COVID-19 Vaccines and the Stock Market

Andy Reynolds

  • In the shortest of terms, a vaccine brings positive momentum to the markets.
  • Short to mid-term, we are not out of the woods; the next few months may be challenging from a healthcare standpoint and ultimately an economic standpoint.
  • The long-term brings expedited trends to the market/world; it will be fascinating to see how these are developed further and absorbed by consumers/businesses.

If one thing is clear about COVID-19, the stock market loves the idea of a vaccine.  The markets have popped on the news of both Pfizer and Moderna vaccine trials, leading the markets to all-time high levels.  For those following at home, that is a round trip market movement from around -35% down, followed by a recovery of around +55%.  Not to mention, all this market movement was within nine months!  Think how different most people’s emotional status is right now versus back in March.  The emotional swings, which were experienced globally, are truly one of the most fascinating things most of us have ever experienced in our entire lives.

 

In the shortest of terms this brings positivity to the markets and to the economy.  With a potential vaccine in sight, consumers, investors, and business owners alike are able to identify some idea of what the backend of this pandemic may look like and when it may occur.  It helps consumers make decisions surrounding consumption, cash savings, holiday spending, and their personal finances.  It helps business owners make decisions surrounding hiring, maintaining employees, taking on debt to stay afloat, risk taking, etc.  Most importantly, a vaccine sooner rather than later reduces the most feared portion of the tail risk from a multi-year pandemic.

 

In the short-term we are not out of the woods.  With cases, and more importantly hospitalizations, increasing, the next few months are going to be the most difficult.  This also comes at a time of holiday get togethers, quarantine fatigue, and months the population spends more time indoors.  The impacts both from a healthcare perspective and ultimately an economic perspective could easily have rippling affects on the economy and markets.  We are far from the end of the pandemic, meanwhile, we believe the market is pricing in a very rosy-pictured, perfectly executed outcome.  The sooner that a vaccine is finalized and disseminated, the lower the risk of economic instability during the winter.  However, when the urgency to deal with a pandemic begins to wind down, reality will set back in for government leaders and business owners alike.  We still have a trade issue with China, a struggling-to-grow middle class, and significant government debt.  We should note that there are positive tailwinds, as well; but these headwinds will need to be dealt with, as the pandemic begins to be in the rear-view mirror.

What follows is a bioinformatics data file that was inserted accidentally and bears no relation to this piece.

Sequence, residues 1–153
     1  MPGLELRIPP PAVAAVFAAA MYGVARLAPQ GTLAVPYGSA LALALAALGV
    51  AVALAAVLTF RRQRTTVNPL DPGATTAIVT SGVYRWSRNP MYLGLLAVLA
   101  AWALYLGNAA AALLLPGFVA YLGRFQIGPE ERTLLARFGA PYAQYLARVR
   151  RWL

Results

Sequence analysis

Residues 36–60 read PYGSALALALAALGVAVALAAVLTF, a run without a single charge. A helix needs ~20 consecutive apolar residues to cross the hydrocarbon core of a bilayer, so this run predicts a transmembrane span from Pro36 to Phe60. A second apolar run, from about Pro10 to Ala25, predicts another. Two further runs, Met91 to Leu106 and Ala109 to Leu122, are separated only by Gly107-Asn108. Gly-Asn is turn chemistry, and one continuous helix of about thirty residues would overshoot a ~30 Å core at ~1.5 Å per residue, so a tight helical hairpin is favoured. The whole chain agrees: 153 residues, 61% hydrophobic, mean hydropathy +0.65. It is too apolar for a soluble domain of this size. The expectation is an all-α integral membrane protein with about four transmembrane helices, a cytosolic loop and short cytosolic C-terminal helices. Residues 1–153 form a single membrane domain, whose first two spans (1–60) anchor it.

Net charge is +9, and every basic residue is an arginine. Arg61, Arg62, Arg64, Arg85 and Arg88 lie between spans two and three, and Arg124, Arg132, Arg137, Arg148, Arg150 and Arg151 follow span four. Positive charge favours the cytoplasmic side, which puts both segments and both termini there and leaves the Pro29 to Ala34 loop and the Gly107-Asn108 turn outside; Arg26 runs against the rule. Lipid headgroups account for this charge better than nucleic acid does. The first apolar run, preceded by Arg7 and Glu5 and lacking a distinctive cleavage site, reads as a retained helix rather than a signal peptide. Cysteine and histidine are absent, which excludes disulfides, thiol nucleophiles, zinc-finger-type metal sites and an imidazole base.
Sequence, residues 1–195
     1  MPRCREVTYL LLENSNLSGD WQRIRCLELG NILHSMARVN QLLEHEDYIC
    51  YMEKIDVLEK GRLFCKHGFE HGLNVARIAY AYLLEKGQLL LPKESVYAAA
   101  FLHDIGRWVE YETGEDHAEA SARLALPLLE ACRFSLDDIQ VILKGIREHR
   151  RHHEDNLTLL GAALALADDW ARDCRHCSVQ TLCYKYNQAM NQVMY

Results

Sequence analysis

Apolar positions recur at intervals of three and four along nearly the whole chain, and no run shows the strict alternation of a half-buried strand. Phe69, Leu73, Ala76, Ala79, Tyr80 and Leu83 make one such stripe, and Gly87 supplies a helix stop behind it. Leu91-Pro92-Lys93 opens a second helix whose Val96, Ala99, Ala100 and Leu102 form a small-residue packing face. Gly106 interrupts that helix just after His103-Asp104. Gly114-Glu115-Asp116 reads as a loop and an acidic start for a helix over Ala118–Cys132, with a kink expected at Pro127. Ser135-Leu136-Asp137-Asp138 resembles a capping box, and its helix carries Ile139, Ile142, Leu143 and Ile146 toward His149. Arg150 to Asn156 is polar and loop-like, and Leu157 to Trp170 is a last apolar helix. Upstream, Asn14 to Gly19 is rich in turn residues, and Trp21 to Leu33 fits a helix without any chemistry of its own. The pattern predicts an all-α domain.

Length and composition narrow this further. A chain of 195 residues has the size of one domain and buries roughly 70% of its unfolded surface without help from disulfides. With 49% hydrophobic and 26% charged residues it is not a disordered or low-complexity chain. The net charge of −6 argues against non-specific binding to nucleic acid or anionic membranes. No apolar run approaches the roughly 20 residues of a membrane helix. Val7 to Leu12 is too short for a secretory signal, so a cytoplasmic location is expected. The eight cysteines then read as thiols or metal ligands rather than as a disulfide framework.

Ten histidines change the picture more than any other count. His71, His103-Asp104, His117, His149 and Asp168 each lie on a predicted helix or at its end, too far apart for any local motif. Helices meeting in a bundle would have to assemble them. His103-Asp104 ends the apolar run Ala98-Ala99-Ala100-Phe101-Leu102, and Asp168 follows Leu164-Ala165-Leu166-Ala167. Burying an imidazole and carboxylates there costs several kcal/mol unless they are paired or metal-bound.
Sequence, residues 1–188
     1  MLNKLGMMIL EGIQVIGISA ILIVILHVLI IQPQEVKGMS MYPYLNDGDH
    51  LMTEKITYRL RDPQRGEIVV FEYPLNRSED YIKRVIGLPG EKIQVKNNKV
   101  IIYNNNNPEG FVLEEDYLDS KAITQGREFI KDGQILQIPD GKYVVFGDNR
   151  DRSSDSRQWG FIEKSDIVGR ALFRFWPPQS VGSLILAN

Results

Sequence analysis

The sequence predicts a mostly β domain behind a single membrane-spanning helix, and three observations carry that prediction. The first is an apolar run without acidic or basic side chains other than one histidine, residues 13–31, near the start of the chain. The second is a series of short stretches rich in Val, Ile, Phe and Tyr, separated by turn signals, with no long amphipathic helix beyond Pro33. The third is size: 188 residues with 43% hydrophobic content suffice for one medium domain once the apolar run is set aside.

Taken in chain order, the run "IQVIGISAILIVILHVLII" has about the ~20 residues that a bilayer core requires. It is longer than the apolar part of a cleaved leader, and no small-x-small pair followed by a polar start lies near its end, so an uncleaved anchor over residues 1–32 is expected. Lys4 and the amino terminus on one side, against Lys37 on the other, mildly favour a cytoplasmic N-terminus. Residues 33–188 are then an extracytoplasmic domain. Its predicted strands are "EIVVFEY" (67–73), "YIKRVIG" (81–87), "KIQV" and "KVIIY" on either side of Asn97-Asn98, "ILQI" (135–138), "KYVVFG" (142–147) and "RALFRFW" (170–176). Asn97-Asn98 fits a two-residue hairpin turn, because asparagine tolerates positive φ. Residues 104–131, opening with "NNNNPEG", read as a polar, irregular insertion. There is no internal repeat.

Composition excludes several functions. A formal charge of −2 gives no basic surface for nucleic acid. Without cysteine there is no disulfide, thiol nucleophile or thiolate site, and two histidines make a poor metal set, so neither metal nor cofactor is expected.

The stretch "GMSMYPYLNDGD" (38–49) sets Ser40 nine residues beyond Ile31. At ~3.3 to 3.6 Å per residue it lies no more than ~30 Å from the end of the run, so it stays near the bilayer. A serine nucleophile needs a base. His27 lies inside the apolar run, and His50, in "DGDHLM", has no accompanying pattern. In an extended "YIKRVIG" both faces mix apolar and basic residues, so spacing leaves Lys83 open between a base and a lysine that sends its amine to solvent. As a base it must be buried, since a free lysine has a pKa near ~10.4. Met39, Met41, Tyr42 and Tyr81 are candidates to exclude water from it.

In the mid/long-term the pandemic has changed structures and expedited trends that were likely coming down the pipe.  The absorption of these trends was exacerbated by mass quarantines and how we deal with those trends now will be fascinating.  Many of these trends are likely pro-business, but we have not yet fully identified how they would be realized by industry and consumers.

 

What do we do now?  Complacency is the biggest risk to consumers and investors at this time.  We must stay diligent and make solid, fundamental decisions.  We need to ensure that we have enough cash (or low volatility assets) available, should you need them.  Now is a great time to review your asset allocation in relation to your emotional ability to withstand volatility.  It is important to allocate funds for near-term needs appropriately, but still allow risk assets to do their job for mid/long-term growth.  Most importantly… keep us abreast of your situation.  The more we know about what is going on in your life, the better of an advocate we can be for you.

Weekly Update